Under the strengthened renewable portfolio standards scenario, utilities in the Western Interconnection would add 18 gigawatts of new solar capacity by 2030, 10 gigawatts of wind, and more than 3 gigawatts of 4-hour energy storage to help balance the grid. Existing gas capacity would be used for grid balancing, and as a result would not decline, although advancements in energy storage could change this.
An important thing to note about NRDC’s model is that it finds energy storage coupled with renewables to be more cost-effective than building new gas-fired power plants. This is a significant point of tension. APS’ Burke said that the energy storage technologies available today are too expensive to meet Arizona’s system needs. For that reason, APS proposed building 3,500 megawatts of gas combustion turbine units, which are designed to meet peak needs, in its 2017 Integrated Resource Plan (IRP).
The utility’s latest IRP, which covers the next 15 years, would also add 2,000 megawatts of gas combined cycle units that are designed to operate 24-7. The plan would add only 183 megawatts of renewable energy, and 397 megawatts of energy storage.
Overall, the IRP depicts a very fossil-fuel heavy future. NRDC argues that APS’ focus on Palo Verde is specifically designed to confuse people. “Their real plan is all fossil fuels, all the time,” the organization wrote in a blog post.
In March, regulators ordered APS, as well as the state’s second largest utility, Tucson Electric Power, to cut reliance on gas in their IRPs. The Arizona Corporation Commission ordered a new rulemaking process and encouraged the utilities to work closer with other stakeholders to develop cleaner energy resources.
Burke said that the IRP is being misunderstood. Yes, APS proposed adding more gas, but the utility plans on using it less.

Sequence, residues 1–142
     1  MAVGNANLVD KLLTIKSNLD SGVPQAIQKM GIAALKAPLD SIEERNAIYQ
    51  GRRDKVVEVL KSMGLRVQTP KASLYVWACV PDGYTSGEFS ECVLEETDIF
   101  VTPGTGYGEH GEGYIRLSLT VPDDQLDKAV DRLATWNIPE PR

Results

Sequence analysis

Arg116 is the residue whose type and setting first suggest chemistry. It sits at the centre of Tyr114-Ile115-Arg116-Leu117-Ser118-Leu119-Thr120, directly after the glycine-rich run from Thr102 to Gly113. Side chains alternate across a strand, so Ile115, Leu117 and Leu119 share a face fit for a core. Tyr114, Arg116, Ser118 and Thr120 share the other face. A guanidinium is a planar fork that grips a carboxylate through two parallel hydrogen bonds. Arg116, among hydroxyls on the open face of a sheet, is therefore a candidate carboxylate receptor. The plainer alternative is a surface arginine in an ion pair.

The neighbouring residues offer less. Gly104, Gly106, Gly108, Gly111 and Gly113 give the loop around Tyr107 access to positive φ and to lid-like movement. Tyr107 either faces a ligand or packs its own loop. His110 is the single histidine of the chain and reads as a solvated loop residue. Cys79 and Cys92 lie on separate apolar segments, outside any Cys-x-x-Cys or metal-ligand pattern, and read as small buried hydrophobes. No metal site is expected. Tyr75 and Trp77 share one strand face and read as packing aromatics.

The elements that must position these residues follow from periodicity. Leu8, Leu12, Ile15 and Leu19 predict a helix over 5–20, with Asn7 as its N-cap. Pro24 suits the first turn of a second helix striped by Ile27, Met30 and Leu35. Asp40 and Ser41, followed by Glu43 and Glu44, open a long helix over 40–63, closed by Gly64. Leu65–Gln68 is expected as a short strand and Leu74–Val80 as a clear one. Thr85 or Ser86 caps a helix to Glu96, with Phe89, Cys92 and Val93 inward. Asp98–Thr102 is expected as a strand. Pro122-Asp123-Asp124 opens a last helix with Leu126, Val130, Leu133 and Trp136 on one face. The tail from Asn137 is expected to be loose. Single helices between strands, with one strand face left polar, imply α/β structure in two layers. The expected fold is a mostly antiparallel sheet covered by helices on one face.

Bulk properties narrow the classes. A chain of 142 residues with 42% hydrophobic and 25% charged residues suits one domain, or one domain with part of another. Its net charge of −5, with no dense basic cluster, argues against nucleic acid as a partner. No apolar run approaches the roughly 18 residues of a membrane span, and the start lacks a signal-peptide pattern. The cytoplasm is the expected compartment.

The utility pitched adding new gas peakers because they’re needed to balance out additional renewables on the system. While the plan forecasts just 183 megawatts of new utility-scale renewable energy capacity, it includes more than 3,000 megawatts of rooftop solar — a fact that Burke believes critics overlooked.
“Although it looks like there’s not much renewables in our plan, there’s actually a really significant amount,” he said.
APS just assumes that individual customers will deploy most of the solar on their homes over the next 15 years, rather than the utility pursuing large centralized solar projects.
Two requests for proposals
The problem with putting more solar on the grid is that the peak keeps shifting later into the evening. As a result, new peaking resources are needed to meet it. When asked by APS turned largely to gas instead of energy storage in its IRP, Burke reiterated that the long-duration storage technology needed to meet APS’ six-hour peak load is too expensive.
There is a good chance the cost outlook could change significantly in the coming years, however. Burke said APS is accounting for that by exploring the use of energy storage to address peak load, most notably in a 50-megawatt battery project coupled with a 65-megawatt solar farm.